Well, Australia’s government has proposed that new quarantine sites be set up. Sydney is the latest city to go into lockdown. Germany and France have appealed to the EU to block travel from the UK over Delta variant concerns.
Does this look like the end of lockdowns to you? It doesn’t to me… It looks just like 2020.
Of course, there are parts of the world opening up. There always have been: during the pandemic. I went on a narrowboat holiday with my in-laws who flew in from Japan after the first wave. We ate meals in restaurants and pubs. Within months, the lockdowns were back.
Perhaps it’ll be the realisation that the new normal won’t be a very nice normal which sends markets into a tailspin. The Hill reports that the UK’s chief medical officer reckons we’re not even a fifth of the way through the pandemic’s effects…
In a speech to the NHS Confederation Thursday, Chief Medical Officer Chris Whitty said the current wave of Covid infections due to the delta variant would likely be followed by another surge in the winter.
He said that Covid-19 “has not thrown its last surprise at us and there will be several more [variants] over the next period,” according to Sky News. He added that it would likely take five years before there are vaccines that could “hold the line” to a very large degree against a range of coronavirus variants.
And until then, he said that new vaccination programs and booster shots would be needed.
This is looking like quite the revenue stream for pharmaceuticals…
Perhaps the next financial panic triggered by the Delta virus has already begun. As the Delta virus began its global march, bond yields fell alongside gold – a rare phenomenon which tends to be associated with a crisis like the pandemic’s first round.
Am I saying it’s time to panic? Nope, I’m far from sure the Delta variant is much of a threat. But I am worried about it. I can smell smoke in the theatre and I’m wondering if anyone is going to scream “fire”.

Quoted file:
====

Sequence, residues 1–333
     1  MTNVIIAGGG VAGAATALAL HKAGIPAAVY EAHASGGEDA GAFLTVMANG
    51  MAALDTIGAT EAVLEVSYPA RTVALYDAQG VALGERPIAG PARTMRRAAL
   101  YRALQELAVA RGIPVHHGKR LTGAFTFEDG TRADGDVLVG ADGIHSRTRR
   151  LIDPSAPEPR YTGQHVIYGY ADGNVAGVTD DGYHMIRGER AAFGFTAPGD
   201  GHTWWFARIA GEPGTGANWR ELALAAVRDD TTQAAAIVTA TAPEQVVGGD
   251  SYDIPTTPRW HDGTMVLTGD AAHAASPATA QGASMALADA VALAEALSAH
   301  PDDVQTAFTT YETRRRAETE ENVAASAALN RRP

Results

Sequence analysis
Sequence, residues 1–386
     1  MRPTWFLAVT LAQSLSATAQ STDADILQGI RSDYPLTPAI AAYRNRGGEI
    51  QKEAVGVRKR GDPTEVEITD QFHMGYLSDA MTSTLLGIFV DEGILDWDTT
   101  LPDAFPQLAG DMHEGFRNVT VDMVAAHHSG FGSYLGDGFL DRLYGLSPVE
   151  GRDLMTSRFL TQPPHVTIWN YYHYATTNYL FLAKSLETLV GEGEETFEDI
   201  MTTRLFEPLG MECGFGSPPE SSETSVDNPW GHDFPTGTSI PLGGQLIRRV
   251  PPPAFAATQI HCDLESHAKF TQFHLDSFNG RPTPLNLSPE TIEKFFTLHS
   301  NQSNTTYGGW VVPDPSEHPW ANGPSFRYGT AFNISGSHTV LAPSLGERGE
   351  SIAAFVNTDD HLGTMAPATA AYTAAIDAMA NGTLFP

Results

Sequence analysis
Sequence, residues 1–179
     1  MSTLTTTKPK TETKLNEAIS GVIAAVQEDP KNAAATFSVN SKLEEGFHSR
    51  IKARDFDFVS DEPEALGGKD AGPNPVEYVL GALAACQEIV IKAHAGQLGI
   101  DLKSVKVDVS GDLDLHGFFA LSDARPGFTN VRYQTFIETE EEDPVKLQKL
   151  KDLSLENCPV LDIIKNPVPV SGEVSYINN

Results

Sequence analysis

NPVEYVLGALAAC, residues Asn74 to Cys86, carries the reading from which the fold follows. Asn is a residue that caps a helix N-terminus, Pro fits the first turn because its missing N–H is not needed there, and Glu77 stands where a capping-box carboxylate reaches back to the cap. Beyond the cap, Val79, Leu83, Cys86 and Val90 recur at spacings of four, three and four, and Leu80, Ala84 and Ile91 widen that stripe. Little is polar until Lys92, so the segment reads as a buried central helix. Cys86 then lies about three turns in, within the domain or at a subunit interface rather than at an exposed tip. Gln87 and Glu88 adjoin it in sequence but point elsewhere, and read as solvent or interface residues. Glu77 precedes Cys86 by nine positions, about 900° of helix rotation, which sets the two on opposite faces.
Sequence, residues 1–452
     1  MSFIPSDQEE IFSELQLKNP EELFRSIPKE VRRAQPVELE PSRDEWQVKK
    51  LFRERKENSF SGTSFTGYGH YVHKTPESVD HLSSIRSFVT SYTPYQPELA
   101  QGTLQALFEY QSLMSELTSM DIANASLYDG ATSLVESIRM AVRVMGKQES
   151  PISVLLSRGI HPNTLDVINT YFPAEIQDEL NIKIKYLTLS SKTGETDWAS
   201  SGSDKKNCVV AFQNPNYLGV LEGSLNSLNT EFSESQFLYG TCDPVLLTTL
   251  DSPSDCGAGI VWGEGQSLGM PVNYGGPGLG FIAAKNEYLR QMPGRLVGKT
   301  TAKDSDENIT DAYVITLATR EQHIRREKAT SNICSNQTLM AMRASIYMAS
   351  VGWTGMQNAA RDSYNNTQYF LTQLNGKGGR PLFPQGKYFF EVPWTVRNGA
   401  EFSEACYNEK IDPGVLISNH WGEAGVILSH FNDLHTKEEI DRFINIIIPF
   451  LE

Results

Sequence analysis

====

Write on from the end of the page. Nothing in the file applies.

And there’s the chance a different variant will be the one to come along and spark a proper blaze, so the question is an important one to think about. But let’s stick with the threat of a Delta variant financial crisis today.
Given where we are, what should investors do? Sell out because it’s not worth the risk?
Around about February, in an internal email of the Australian publishing company I also work with, a colleague wrote that he had liquidated his entire self-managed pension portfolio just in case the pandemic crashed markets.
I don’t know if he bought back in, nor when. Markets are now largely higher than they were going into the pandemic crash. So selling is only half the game. You also need to identify the bottom. But it still looks like a good move, doesn’t it? Would it be a good move now?
The fact that markets are back to highs also begs another problem. If the Delta variant really does wreak havoc in some way, would financial markets even crash again?
It sounds like a silly question, but what if I ask it like this: if the Delta variant really does wreak havoc, will governments and central banks allow it to wreak havoc on financial markets again?
I’m not so sure we’d see the consequences of lockdowns, quarantines and the like play out in stocks, for example. Governments and their financiers central bankers have proven they are not just willing but also capable of doing whatever it takes to prevent a crash.
Conversely, if the Delta variant doesn’t make a splash, then governments and central banks will have to find ways to reduce their influence in the economy in coming years. That might mean markets fizzle as their support is withdrawn. More on that soon.
It’s a bit like the old “bad news is good news” mantra which drove markets for the last decade because bad news would force central banks and governments to act, which pushed up asset prices, while good news suggested they’d withdraw that support, causing asset prices to fall.
Unfortunately, even if you were certain about the Delta virus’ impact over the next few months, you still wouldn’t know what financial markets will do as a result.
The real question facing investors is not what’ll happen, but whether central bankers and governments are powerful enough to overcome it.
Editor, Fortune & Freedom